The lore of Thuggee and how the British ended its reign

Published - September 22, 2014 10:22 pm IST

THUGGEE — Banditry and the British in Early Nineteenth-Century India: Kim A. Wagner

THUGGEE — Banditry and the British in Early Nineteenth-Century India: Kim A. Wagner

“As a thag lures a pilgrim with laddus sweet with wine

Makes him drunk and trusting takes his money and his life;

Just so, Honeybee Hari takes our love by deceit”

— Surdas (1478-1583)

The lore of the thuggee can be found in abundance in writing from ninth century Bhasarvajna to James Forbes’ Oriental Memoirs (1785). In the seventh century, during Hiuen Tsang’s famous journey to India, he was set upon by bandits on the Ganges and narrowly escaped being sacrificed to their goddess. Similarly, in 1290, Sultan of Delhi Jalal Uddin Firz Khilji expelled 1000 thags from Delhi. The great poet Kabir (1398-1448) often made use of the thag as a metaphor of the divine deceit of God. They are also referred to in the Janamsakhi-texts describing the life of Guru Nanak. (The name was variously spelt as ‘thag’ and ‘thug’ which has been retained in present day English). While Frenchman Jean de Thevenot mentioned them as “the cunningest Robbers in the World”, Englishman John Fryer described an execution of a phansigar (strangler) on the basis of a farman by the Moghul Emperor Aurangzeb in 1672.

According to the conventional account of thuggee, the thugs were a fraternity of ritual stranglers who preyed upon travellers along the highways of 19th century India. Their unsuspecting victims were first deceived into joining the thugs and later at some secluded spot, strangled, plundered and buried. In a sense, a clean criminal act. Kim A. Wagner’s ‘Thuggee – Banditry and the British in early nineteenth Century India’ has written to re-inscribe the thuggee in its historical context and not merely consider it as colonial phantasmagoria. In this attempt Wagner (affectionately called by the present inhabitants of Sindouse (Sandaus in U.P.) as ‘Kim Singh’) has chronicled the thuggee phenomenon — their religious, ethnic and social background, kinship ties, customs and language as well the interaction and cooperation between different gangs. The thuggee was first encountered by the British during a period where the colonial state was still consolidating its rule and authority. With policing and law and order high on the agenda, the thuggee were seen as a blemish on the rule.

The British ‘discovery’ of Phansigars and thugs happened almost simultaneously, in 1807 and 1809 respectively. Dr. Sherwood of Madras Presidency is the first to mention a religious element in the phenomenon. According to him, they were highly superstitious and though some were Muslims, their tutelary deity was the Hindu goddess ‘cali or Mariatta’.

Wagner’s argues that thuggee did not constitute a caste-like identity, and was a livelihood resorted to by all strata of society in certain areas.

Thuggee was a seasonal occupation with the thugs leaving the village after the autumn harvest (Oct-Nov) and returning around June-July before the rains set in. The sepoys of the Company were said to be among their main targets, which was naturally perceived as a serious threat by the British. The other victims were merchants selling guns or horses to various armies. The several Hindu and Muslim pilgrims, who travelled across the country, were another set of victims.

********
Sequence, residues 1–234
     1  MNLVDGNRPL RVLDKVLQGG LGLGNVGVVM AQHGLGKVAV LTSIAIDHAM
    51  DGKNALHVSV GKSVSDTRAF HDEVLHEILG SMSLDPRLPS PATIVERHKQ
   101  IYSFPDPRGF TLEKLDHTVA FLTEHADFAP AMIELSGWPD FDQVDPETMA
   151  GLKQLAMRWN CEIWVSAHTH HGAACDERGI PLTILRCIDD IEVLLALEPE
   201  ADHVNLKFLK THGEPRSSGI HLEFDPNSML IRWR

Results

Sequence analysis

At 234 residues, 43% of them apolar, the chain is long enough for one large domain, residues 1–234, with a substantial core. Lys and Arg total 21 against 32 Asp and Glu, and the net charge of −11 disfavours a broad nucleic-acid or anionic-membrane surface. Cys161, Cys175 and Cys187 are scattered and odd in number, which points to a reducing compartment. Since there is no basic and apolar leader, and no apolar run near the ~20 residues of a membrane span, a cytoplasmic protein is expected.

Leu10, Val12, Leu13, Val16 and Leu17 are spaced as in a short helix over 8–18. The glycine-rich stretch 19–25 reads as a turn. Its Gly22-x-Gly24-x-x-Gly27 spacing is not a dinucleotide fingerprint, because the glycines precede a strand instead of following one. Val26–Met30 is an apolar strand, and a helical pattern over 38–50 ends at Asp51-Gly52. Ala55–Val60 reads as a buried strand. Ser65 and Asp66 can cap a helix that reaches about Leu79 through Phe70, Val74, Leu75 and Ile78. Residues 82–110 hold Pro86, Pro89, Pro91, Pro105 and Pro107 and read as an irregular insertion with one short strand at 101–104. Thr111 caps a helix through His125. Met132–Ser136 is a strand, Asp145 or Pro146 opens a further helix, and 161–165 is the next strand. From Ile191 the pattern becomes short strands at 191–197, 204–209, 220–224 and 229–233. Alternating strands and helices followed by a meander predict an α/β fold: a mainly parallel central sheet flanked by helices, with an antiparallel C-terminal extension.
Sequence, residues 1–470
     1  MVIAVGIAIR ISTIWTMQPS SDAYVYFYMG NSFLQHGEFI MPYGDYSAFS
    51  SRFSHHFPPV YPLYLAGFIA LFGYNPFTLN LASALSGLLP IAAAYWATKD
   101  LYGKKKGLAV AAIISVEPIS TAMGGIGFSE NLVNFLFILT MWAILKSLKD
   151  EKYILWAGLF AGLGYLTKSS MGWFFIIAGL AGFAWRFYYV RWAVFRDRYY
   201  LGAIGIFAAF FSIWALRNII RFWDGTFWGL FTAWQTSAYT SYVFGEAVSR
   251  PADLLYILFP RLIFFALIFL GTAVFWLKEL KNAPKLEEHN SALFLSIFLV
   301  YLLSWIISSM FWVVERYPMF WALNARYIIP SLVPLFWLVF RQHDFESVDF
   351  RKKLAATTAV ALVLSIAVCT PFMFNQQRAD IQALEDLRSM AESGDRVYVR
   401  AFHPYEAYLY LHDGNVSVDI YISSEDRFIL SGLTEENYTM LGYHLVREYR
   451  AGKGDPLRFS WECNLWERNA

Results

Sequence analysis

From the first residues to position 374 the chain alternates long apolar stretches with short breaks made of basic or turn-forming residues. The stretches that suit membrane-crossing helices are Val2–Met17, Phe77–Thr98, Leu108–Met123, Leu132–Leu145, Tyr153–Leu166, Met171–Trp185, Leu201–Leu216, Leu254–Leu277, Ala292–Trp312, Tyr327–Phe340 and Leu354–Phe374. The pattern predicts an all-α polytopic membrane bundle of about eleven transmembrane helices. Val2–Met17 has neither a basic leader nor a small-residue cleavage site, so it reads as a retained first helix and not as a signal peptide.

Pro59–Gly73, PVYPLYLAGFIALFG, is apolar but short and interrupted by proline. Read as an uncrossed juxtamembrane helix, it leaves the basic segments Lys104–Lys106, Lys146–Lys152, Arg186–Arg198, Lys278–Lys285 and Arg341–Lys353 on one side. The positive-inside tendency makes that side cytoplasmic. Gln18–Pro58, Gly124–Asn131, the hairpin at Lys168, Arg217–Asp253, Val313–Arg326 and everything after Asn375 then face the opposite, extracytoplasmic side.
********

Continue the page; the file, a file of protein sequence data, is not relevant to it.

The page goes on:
The most valued items among the loot, such as horses or fine weapons, were always given to the ruler who patronised the thugs. They also had to bribe officials and guards at the serais and city gates. This expense was factored into the division of the loot! When the group returned to the village part of the loot was used to repay — with exorbitant interest — the zamindar or whoever had financed the expedition. The relative wealth gained by thuggee rarely permitted the thugs to abandon the profession altogether. Apart from zamindars and moneylenders, various other people also profited from system.

With the increasing reports on thuggee, the Company in 1810 passed Regulation VI which defined the penalties for zamindars who did not pass on information on crimes committed by ‘dacoits, cozauks , thugs, buddecks and other descriptions of public robbers’ and emphasised the need for zamindars and others to cooperate with the police. This was followed by several reports on the thuggee. Finally on October 13, 1830, the Governor authorised Captain Sleeman to put down the system of Thuggee. Between 1826 and 1835, a total of 1562 thugs were tried; 382 sentenced to death, 909 to transportation, 77 to imprisonment for life. In 1839, Sleeman declared that thuggee as an organised association had been effectively destroyed and even though some instance occasionally popped up over time, the thuggee campaign was over.

Wagner’s detailed study underlines the social context of the rise of thuggee and also gives a ringside view of the Company’s operations against it. With the sole exception of the absence of details of thuggee in Madras Presidency, despite repeated quotes from the writings of Dr. Sherwood, this book is entertaining and gives us an idea of the life of the predecessors of the bandits of Chambal.

THUGGEE — Banditry and the British in Early Nineteenth-Century India: Kim A. Wagner; Primus Books, Virat Bhavan, Mukherjee Nagar Commercial Complex, Delhi-110009. Rs. 995.

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